May 13, 2022
On Thursday, May 5, 2022, the Kenyan Human Rights Commission (KHRC) and the national coordinator of the Institute for Social Accountability, Wanjiru Gikonyo filed a petition against the National Treasury and Attorney General seeking to compel the disclosure of information on Kenya’s debt treaties, agreements and contracts. Prior to this, the Treasury Secretary had ignored a letter sent by the Human Rights Commission requesting for information.
In another case filed by Wanjiru Gikonyo of the Institute for Social Accountability, an institutional partner of the AfSDJN, the High Court of Kenya ordered the Kenyan government to disclose loan contracts for the Standard Guage Railway, one of Kenya's flagship infrastructural projects. The ruling which was delivered on Friday, May 13, 2022, signified a major victory following a protracted campaign.
In its first bond sale in April 2022, the Kenyan government raised Ksh 33.1 billion ($285.5 million) from its 3-year bond, although the government projected to raise the sum of Ksh 40 billion ($345 million). The Central Bank of Kenya received bids worth Sh34 billion ($376.3 million) but rejected Sh 908 million ($7.8 million).
In its second bond sale in April 2022, the Kenyan government raised the sum of Ksh 27.6 billion ($237 million) from the sale of its 15-year bond, although it proposed to raise the sum of Ksh30 billion ($257.5 million). The bond was sold as a long-term bond at an average interest rate of 13.94% as set by the market, making it the most lucrative 15-year bond sale in the primary market.
Kenya’s bond which is due in 20 years jumped to 8.55% on April 27 from 7.18% on April 20 in yield. Also, the 12-year bond due in 2032 jumped to 10.14% from 9.43% in yield. This connotes an increase in the return the investors get from buying the fixed income securities. The increase in Eurobond yields was accompanied by reports of dollar shortages in the country thus adding to increased credit risk perceptions.
In April, 2022, Kenya’s National Treasury hinted that as a result of the elevated yields in the traded securities on the international capital market, which they consider to amount to unfavourable market conditions, there is the likelihood that no Eurobond will be fleshly issued in the current fiscal year. However, on Thursday, May 5, 2022, the Treasury Secretary, Ukur Yatani, reported that the government still intends to raise $1 billion in Eurobond sale before the end of June as it is part of its financing plans for 2021-22 fiscal year.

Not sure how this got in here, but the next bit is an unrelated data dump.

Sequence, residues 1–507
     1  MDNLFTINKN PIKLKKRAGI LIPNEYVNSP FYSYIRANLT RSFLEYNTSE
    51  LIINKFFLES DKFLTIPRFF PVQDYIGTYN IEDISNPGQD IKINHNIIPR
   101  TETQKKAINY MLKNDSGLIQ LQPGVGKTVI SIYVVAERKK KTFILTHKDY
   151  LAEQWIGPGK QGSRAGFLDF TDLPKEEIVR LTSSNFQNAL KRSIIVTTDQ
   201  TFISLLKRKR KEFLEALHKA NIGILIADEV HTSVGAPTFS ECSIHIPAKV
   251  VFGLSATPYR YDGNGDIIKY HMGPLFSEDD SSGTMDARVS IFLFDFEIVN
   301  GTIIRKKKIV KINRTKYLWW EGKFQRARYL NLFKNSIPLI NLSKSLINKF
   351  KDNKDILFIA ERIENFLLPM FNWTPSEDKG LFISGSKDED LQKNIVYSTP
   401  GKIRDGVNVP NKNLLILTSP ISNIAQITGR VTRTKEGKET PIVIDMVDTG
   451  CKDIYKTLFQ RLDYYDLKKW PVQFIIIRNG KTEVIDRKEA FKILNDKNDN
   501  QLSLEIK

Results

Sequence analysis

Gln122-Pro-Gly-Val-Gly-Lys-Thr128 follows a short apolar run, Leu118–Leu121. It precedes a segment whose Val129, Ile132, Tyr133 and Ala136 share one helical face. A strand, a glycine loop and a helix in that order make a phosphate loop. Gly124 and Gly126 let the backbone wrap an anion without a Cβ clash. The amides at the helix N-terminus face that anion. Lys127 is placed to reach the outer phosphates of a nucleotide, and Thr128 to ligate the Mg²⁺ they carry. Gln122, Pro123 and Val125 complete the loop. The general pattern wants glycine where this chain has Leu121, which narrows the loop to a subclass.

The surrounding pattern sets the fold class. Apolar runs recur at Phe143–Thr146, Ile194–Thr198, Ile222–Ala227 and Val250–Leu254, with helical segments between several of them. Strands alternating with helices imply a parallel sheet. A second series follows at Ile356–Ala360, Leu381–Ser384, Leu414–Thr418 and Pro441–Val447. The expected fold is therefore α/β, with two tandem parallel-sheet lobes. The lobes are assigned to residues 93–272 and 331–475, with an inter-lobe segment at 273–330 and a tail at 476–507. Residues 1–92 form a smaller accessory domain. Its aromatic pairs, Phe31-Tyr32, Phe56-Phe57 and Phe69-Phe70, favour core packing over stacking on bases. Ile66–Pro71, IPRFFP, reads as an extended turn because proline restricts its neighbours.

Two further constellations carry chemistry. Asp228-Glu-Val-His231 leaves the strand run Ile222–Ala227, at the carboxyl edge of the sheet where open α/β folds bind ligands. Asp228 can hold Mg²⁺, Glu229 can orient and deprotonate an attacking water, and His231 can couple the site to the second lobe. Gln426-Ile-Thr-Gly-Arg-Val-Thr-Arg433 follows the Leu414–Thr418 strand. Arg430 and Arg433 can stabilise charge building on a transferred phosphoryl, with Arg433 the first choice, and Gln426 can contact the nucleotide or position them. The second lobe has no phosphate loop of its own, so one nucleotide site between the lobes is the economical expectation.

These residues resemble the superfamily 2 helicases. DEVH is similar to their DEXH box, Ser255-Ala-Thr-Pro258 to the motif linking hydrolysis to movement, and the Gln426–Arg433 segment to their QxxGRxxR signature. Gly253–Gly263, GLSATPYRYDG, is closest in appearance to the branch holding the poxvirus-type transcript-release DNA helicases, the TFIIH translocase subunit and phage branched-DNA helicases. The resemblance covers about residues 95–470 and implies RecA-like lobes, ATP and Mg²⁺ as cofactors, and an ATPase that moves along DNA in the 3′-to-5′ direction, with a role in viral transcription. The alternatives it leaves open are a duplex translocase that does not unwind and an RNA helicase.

As Kenya braces for a transition in government, it is projected that the incoming government will be required to pay an average of Ksh3.74 billion($32.3 million) daily in debt. The treasury chiefs also project that Kenya will spend Ksh 1.39 trillion ($12.1 billion) annually on debt repayment starting from July, which is 21% more than the estimated debt cost of the current fiscal year. The debt repayment expenses is projected to cost 60% of the country’s tax revenue.
The United States Treasury Secretary, Janet Yellen in encouraging the United Stated Congress to continue its support to the International Monetary Fund (IMF), revealed that emergency loans from the IMF cushioned Kenya’s economy which was at the brink of collapsing. According to Yellen, the IMF finance helped put the country back on the path of financial sustainability.
In April 2022, Fitch, a global rating agency, has reduced its outlook on Kenya’s sovereign debt from stable to negative, making reference to reduced growth in the country’s Gross Domestic Products (GDP). According to Fitch, the negative outlook shows that there are uncertainties about the country’s planned fiscal consolidation and the attendant risk to economic growth. Fitch also based its decision on perceived ambivalence resulting from the forthcoming elections.